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Drugs and theft most likely first offences to be committed by children

PUBLISHED: 15:03 23 February 2019 | UPDATED: 17:21 23 February 2019

Less than one in 10 adult first time offenders enter the criminal justice system due to drugs, compared to almost one in five youths  Picture: GETTY IMAGES/ISTOCK PHOTO

Less than one in 10 adult first time offenders enter the criminal justice system due to drugs, compared to almost one in five youths Picture: GETTY IMAGES/ISTOCK PHOTO

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Almost one in five first crimes committed by child offenders in Suffolk are drug-related, figures have revealed.

The proportion of drug offences among children experiencing their first brush with the law more than trebled in 10 years.

Drugs accounted for 5.5% of crimes committed by juvenile first time entrants to the criminal justice system in the year ending September 2008.

But the rate reached 18% during the latest 12-month period making drugs the most common type of first crime committed by under-18s, alongside theft.

Almost all other offence types reduced in frequency over the last decade including theft, which accounted for more than a third of the total in 2008.

The rising percentage of drug offences was less notable across the rest of the country from 7% to 11% on average.

Overall, Ministry of Justice (MoJ) statistics showed a huge 90% fall in Suffolk juveniles receiving their first reprimand, warning, caution or conviction since 2008 – from 1,176 to 129.

The decade decline followed a three-year rise, which a 2017 MoJ report suggested was due to police focusing on low-level offences in order to hit targets for closing the gap between recorded crime and identified offenders before targets were revised in 2008 to focus on serious offences less likely to be committed by youths.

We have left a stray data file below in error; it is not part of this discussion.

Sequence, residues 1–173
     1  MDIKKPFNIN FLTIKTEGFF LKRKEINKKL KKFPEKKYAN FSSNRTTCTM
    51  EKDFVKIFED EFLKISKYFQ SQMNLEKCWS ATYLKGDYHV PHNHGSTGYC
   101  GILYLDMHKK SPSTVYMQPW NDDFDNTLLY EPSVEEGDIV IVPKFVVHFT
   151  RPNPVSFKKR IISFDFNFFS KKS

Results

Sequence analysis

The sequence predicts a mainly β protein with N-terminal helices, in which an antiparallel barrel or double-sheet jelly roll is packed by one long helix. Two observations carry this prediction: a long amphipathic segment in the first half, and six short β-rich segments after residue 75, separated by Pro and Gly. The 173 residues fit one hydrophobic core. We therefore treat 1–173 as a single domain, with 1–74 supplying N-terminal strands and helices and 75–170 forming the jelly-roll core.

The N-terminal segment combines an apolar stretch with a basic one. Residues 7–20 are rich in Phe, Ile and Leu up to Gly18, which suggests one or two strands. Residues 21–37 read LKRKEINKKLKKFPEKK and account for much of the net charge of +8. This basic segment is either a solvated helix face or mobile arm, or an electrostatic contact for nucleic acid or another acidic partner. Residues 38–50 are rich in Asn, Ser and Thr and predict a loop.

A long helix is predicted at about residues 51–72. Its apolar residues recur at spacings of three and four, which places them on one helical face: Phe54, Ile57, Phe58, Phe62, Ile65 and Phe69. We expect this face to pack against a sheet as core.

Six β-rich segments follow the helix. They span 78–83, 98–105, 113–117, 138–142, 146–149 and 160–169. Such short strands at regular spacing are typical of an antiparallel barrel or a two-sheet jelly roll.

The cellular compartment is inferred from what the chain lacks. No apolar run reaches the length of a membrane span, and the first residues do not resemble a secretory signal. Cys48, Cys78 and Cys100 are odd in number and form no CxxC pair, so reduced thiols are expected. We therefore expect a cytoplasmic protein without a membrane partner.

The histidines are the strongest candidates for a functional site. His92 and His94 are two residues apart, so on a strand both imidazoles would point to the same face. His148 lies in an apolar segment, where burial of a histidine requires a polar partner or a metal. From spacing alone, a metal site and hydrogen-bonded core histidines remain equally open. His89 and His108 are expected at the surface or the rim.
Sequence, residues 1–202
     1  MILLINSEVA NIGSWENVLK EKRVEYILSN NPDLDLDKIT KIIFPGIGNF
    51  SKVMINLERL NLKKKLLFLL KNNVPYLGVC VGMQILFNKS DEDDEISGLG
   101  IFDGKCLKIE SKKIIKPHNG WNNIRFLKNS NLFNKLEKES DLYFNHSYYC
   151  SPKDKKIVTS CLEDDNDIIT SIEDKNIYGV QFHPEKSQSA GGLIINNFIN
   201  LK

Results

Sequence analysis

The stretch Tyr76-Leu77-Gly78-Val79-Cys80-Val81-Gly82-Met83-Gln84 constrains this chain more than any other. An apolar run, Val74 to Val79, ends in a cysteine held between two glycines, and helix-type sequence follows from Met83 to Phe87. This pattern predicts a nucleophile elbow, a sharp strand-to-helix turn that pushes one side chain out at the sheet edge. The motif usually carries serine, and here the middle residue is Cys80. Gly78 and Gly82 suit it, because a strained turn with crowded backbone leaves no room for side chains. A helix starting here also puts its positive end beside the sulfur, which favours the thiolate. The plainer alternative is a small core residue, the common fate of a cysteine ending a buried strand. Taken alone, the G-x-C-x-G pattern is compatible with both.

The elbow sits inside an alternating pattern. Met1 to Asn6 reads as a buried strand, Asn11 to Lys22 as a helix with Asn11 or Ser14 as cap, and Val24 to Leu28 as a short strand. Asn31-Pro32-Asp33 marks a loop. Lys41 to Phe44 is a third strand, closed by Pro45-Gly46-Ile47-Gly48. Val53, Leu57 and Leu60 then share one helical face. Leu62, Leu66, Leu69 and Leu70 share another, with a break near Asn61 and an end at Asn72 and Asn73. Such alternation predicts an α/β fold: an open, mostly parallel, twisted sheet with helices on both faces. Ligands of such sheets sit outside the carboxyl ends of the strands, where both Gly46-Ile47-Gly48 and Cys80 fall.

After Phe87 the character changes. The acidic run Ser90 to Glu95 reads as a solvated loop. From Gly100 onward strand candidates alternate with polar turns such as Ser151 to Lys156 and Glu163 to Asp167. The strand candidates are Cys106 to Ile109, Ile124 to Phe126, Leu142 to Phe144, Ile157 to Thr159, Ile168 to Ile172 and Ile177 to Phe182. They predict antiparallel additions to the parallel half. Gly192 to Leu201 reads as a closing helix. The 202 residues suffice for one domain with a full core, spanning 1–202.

Children were almost twice as likely as adults to enter the system for drug offences last year. Among adults, the rate hardly changed going up less than 1% in 10 years.

In that time, children became more likely to be dealt with by way of conviction for first-time drug offences as the proportion let off with a caution, reprimand or warning fell from 92% to 70%.

A Suffolk police spokesman said drug crime was a complex social problem with links to violent gang related offences, requiring input and action by partners to address root causes and long-term effects.

They added: “Our youth gangs prevention team is dedicated to focussing on prevention and early intervention of children and young people associated with drug related crime and has generated many successful outcomes.

“We will also look to identify those who are being exploited by their vulnerability, continue to work in partnership with other agencies and continue to gain intelligence and evidence so those responsible are bought to justice and convicted.”

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